Specifies the values to calculate from a complex image and to use when displaying the image. The default value is Phase. Power. This keyword pertains to classification files. Imaginary. Values include Real. and Phase. including the unclassified. or writing the image to a new file. It lists the classification names. calculating statistics for the image. Table 5-1: Header File Keywords (Continued) classes complex function Getting Started with ENVI The ENVI Header Format . It defines the number of classes.Chapter 5: Working with Header Files 115 Field class names Description This keyword pertains to classification files. Magnitude.

PARAMETER["False_Easting".-54.0. PRIMEM["Greenwich". spheroid.0174532925199433]] A projected coordinate system string contains the word PROJCS and lists all of the geographic coordinate system parameters.257223563]].0.0].116 Chapter 5: Working with Header Files Field coordinate system string Description When you save a georeferenced file to ENVI raster format. SPHEROID["WGS_1984". SPHEROID["WGS_1984".-37.0].0174532925199433]]. Following are some examples: A geographic coordinate system (for example. GEOGCS["GCS_WGS_1984".0.-55.298.0.0.0].0].6378137. prime meridian. PROJECTION["Lambert_Conformal_Conic"].298. UNIT["Degree".1.257223563]]. PARAMETER["Central_Meridian".0].75]. datum. Geographic Lat/Lon) string contains the word GEOGCS and lists the coordinate system name.0]] Table 5-1: Header File Keywords (Continued) The ENVI Header Format Getting Started with ENVI . PARAMETER["Standard_Parallel_2". and units: coordinate system string = GEOGCS["GCS_WGS_1984". PRIMEM["Greenwich". It lists the parameters used for a geographic coordinate system or projected coordinate system. plus detailed parameters that describe the projected coordinate system: coordinate system string = PROJCS["WGS_1984_South_Georgia_Lambert".0. PARAMETER["Standard_Parallel_1".0. ENVI adds a coordinate system string field to the header file. DATUM["D_WGS_1984".0]. PARAMETER["False_Northing". UNIT["Degree".6378137.0.-54.0]. UNIT["Meter". DATUM["D_WGS_1984". PARAMETER["Latitude_Of_Origin".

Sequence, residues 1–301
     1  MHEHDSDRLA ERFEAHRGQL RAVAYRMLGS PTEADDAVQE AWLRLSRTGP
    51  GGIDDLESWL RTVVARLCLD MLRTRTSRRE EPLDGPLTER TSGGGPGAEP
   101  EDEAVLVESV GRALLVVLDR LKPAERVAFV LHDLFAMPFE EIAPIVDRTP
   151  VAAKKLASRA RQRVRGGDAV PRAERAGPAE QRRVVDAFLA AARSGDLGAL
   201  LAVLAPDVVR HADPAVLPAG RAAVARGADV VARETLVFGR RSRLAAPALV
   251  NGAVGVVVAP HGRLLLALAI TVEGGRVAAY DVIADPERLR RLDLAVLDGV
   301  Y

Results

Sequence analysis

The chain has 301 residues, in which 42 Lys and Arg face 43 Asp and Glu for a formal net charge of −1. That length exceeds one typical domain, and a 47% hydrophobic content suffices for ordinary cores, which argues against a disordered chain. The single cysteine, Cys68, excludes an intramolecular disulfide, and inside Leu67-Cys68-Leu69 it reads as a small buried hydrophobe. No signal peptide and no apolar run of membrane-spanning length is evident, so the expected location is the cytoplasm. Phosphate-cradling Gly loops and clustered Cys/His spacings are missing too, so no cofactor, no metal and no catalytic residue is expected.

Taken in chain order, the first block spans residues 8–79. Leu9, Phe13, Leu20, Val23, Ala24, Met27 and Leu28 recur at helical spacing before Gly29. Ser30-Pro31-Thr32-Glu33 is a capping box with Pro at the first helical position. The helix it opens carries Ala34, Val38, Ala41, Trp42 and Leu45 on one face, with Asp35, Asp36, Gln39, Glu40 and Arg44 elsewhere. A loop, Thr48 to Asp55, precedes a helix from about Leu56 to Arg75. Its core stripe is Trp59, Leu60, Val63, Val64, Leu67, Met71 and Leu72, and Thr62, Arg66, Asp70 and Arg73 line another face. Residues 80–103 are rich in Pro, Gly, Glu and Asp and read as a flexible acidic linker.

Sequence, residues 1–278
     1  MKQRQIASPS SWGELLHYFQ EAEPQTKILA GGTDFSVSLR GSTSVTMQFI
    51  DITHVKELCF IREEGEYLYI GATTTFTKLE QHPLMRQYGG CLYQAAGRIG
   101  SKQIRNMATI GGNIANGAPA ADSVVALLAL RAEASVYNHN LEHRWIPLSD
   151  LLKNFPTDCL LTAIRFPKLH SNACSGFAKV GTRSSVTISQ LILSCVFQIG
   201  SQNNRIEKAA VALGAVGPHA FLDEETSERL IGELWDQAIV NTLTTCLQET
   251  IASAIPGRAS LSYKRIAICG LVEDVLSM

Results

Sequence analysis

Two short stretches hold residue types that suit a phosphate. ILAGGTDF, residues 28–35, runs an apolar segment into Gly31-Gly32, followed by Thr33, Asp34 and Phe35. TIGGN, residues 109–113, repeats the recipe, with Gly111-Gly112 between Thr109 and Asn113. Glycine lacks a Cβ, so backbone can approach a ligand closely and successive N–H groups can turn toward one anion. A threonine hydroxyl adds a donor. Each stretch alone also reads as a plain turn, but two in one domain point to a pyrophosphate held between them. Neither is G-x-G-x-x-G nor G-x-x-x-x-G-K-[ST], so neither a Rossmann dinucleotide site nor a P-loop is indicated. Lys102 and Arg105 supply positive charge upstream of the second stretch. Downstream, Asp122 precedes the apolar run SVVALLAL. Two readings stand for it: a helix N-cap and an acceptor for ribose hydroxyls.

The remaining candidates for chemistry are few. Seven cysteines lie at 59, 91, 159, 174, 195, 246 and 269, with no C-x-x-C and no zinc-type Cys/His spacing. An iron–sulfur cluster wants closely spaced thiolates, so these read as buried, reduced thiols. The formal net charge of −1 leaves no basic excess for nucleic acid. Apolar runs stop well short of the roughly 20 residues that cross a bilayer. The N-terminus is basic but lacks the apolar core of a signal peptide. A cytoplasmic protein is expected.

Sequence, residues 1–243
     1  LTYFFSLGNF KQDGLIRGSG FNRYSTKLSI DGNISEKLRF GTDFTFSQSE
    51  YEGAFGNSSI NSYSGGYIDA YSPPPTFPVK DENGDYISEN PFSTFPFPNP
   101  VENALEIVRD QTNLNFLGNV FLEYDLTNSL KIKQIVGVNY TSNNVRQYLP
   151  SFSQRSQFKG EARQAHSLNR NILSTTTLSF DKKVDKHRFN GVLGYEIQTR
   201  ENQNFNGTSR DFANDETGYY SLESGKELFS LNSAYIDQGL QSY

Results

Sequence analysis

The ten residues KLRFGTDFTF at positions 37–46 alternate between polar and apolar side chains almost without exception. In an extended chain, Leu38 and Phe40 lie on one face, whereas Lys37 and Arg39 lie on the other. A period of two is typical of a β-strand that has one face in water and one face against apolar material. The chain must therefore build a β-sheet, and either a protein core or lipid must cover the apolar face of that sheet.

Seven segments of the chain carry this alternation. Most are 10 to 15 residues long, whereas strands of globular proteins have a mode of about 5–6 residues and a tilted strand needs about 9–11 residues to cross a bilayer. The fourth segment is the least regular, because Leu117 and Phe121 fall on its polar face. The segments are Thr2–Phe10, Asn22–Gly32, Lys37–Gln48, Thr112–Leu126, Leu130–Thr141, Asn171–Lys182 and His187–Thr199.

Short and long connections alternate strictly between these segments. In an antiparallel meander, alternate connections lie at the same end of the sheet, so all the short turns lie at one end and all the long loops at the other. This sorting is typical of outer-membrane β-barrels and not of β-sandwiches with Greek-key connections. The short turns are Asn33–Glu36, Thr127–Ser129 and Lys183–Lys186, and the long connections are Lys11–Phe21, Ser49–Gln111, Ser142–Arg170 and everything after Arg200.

If set. 4=32-bit floating point. 3. Determines what type of stretch (% linear. square root) to use when ENVI displays the image. 13=32-bit unsigned long integer.Chapter 5: Working with Header Files 117 Field coordinate system string Description Refer to the ITT Visual Information Solutions Tech Tips for a list of predefined geographic and projected coordinate system strings: 1. Click Submit. linear range. then ENVI loads a gray scale image. 2=16-bit signed integer. 5=64-bit double-precision floating point. equalization. 6=2x32-bit complex. 4. 9=2x64-bit double-precision complex. In the Enter Keyword field. and 15=64-bit unsigned long integer. 3=32-bit signed long integer. By default. In the search results. If only one band number is used. The type of data representation. real-imaginary pair of double precision. G. a new image is automatically loaded when a file that has default bands defined in its header is opened. and B fields every time the file is opened.asp. indicates which band numbers to automatically load into the Available Bands List gray scale or R. 2.0. Table 5-1: Header File Keywords (Continued) data offset values data type default bands default stretch Getting Started with ENVI The ENVI Header Format . Gaussian.ittvis. open the Tech Tip titled.” data gain values data ignore value Gain values for each band. Go to http://www. 14=64-bit signed long integer. “ESRI Projection Engine Reference v1.com/services/search. Offset values for each band. 12=16-bit unsigned integer. Currently used only in ENVI programming (see ENVI_FILE_QUERY in the ENVI Reference Guide for more information). type projection engine. where 1=8-bit byte. real-imaginary pair of double precision.